steppingstonesStepping Stones- A Refugee Family’s Journey

3rd Grade and Beyond Selection

Our final selection is a beautiful story told by Margaret Ruurs and accompanied by the art of Nizar Ali Badr.  As Ruurs highlights in the forward, the rock painting illustrations were created by Nazir, an artist in Syria.  The l rock illustrations highlight the story, in both English and Arabic, a journey to safety.  Much like the other stories, the newly resettled family is both hopeful and thankful for their new home and community.

 

Additional selections to consider for your classroom library

  • Ada, A.(2002), I Love Saturdays and Domingos
  • (1998). Mariante’s Story: Painted Words & Spoken Memories.
  • Anzalüda, G. (1993).Friends from the Other Side
  • Applegate, K. Home of the Brave.
  • Beckwith, K. Playing War.
  • Bunting, E. (1993) Going Home
  • Burg, A. Serafina’s Promise.
  • Cha, D. Dia’s Story Cloth: The Hmong People’s Journey to Freedom
  • Choi, Y. (2001). The Name Jar
  • Cohen, S. Mai Ya’ Long Journey.
  • Danticat, E. Mama’s Nightingale: A story of immigration and separation.
  • Deitz-Shea, P. The Whispering Cloth
  • Del Rizzo, S. My Beautiful Birds
  • DePrince, M. Taking Flight: From War Orphanto Star Ballerina.
  • Duncan, D.
  • Flores-Galbis, E. 90 Miles to Havana
  • Garza, C.L. (1996). In My Family: En mi familia.
  • Gillick, M. Once they had a country: Two Teenage Refugees in the Second World War
  • Gutiérrez, R. K’naan.
  • Hampton, M. The Cat of Kosovo
  • Hoffman, M. The Color of Home
  • Jimenez, F. (2001). Breaking Through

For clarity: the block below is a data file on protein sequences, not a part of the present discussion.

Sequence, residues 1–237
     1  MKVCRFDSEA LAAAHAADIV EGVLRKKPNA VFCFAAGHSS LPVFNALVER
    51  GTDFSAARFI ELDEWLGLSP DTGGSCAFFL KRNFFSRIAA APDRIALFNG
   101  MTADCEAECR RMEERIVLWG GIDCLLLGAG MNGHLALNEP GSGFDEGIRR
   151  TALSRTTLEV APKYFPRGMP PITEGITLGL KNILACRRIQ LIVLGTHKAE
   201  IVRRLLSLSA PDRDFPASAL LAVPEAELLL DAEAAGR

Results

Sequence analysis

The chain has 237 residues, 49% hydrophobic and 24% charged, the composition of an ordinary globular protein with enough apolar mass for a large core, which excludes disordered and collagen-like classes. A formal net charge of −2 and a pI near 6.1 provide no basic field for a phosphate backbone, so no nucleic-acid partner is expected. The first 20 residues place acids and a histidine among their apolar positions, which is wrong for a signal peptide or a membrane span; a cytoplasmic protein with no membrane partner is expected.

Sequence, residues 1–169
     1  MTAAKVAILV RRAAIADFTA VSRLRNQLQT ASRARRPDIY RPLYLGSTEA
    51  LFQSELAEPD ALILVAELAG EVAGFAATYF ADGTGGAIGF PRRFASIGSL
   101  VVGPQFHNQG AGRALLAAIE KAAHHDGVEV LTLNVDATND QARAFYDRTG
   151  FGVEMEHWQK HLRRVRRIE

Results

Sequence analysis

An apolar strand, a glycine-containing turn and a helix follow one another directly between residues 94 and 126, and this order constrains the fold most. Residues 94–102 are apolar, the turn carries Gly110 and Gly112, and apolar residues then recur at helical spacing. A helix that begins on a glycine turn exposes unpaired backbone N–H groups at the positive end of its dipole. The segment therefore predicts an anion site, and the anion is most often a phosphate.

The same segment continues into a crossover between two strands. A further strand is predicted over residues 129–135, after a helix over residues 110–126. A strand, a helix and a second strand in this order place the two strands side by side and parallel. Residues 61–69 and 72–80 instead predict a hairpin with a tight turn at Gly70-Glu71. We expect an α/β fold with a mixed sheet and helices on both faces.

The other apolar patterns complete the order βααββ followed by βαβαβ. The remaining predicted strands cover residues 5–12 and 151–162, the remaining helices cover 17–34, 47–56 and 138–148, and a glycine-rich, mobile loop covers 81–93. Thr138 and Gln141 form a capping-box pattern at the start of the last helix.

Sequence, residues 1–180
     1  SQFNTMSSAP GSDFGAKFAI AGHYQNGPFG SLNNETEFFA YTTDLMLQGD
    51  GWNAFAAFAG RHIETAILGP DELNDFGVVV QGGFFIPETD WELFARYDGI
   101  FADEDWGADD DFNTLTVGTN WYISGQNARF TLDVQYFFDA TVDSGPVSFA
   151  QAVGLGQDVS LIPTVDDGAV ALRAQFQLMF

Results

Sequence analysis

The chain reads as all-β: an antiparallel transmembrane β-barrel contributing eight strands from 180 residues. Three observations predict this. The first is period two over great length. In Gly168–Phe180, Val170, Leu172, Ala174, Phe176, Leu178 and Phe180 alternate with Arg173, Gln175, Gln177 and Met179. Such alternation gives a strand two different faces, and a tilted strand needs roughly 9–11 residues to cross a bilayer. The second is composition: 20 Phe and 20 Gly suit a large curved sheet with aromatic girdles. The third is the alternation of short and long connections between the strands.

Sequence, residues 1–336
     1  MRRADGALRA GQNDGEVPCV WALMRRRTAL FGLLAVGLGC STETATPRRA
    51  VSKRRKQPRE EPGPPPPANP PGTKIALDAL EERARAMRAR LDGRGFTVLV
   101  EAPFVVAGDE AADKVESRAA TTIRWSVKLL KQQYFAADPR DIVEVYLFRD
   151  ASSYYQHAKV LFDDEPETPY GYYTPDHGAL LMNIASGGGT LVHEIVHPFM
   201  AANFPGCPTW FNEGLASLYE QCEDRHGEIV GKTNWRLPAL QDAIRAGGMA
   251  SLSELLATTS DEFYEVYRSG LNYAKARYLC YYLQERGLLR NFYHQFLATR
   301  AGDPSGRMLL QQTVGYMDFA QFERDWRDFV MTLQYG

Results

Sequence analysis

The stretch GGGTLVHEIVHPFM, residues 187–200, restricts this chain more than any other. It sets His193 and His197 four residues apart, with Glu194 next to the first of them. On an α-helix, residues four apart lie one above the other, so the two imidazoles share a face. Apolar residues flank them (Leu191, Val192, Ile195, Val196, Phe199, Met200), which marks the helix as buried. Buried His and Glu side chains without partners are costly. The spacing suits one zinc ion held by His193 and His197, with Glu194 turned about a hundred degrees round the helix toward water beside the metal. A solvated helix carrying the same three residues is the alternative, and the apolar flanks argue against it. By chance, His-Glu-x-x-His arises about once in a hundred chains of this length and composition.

• Jimenez, F. (1997a) The Circuit: Stories from the Life of a Migrant Child
  • Kuntz, D. Lost and Found Cat: The True Story of Kunkush’s Incredible Journey
  • Lai, T. Inside Out and Back Again.
  • Laure Bondoux, A. A Time of Miracles
  • Lofthouse, L. Ziba Came on a Boat.
  • Lord, M. A Song for Cambodia
  • Martinez, V. (1996) Parrot in the Oven: Mi Vida.
  • Mead, A Girls of Kosovo
  • McCarney, R. Where will I live.
  • Mikaelsen, B. Red Midnight.
  • Palacios, A. (1997). One City, One School, Many Foods.
  • Park, F. My Freedom Trip.
  • Paulsen, (1995). La tortelleria
  • Pinkey, A. The Red Pencil.
  • Ruurs, M. Stepping Stones: A Refugee Family’s Journey (Arabic & English Edition)
  • Sanna, F. The Journey.
  • Simon, R. Oskar and the Eight Blessings.
  • Smith Milway, K. The Banana-Leaf Ball: How Play Can Change the World
  • Soto, G. (1997). Buried Onions
  • John, W. Outcasts United: The Story of a Refugee Soccer Team That Changed a Town
  • Tsang, N. (2003) Rice All Day
  • Young, R.
  • Wild, M. The Treasure Box.
  • Wilkes, S. Out of Iraq: Refugees’ Stories in Words, Paintings and Music.
  • Williams, M. Brothers in Hope: The Story of the Lost Boys of Sudan
  • Williams, K. Four Feet, Two Sandals.
  • Woodruff, E. The Memory Coat.

 

Do you have a favorite multicultural children’s book you’d like to share in our online collection?  Make a video of you sharing your favorite and reasons why and send it to info@englishlearnerportal.com.  We’d love to have you!

~~~~~~~~~~~~~~~~~~~~~~~~~~~~~~~~~~~~~~~~~~~~~~~~~~~~~~~~~~~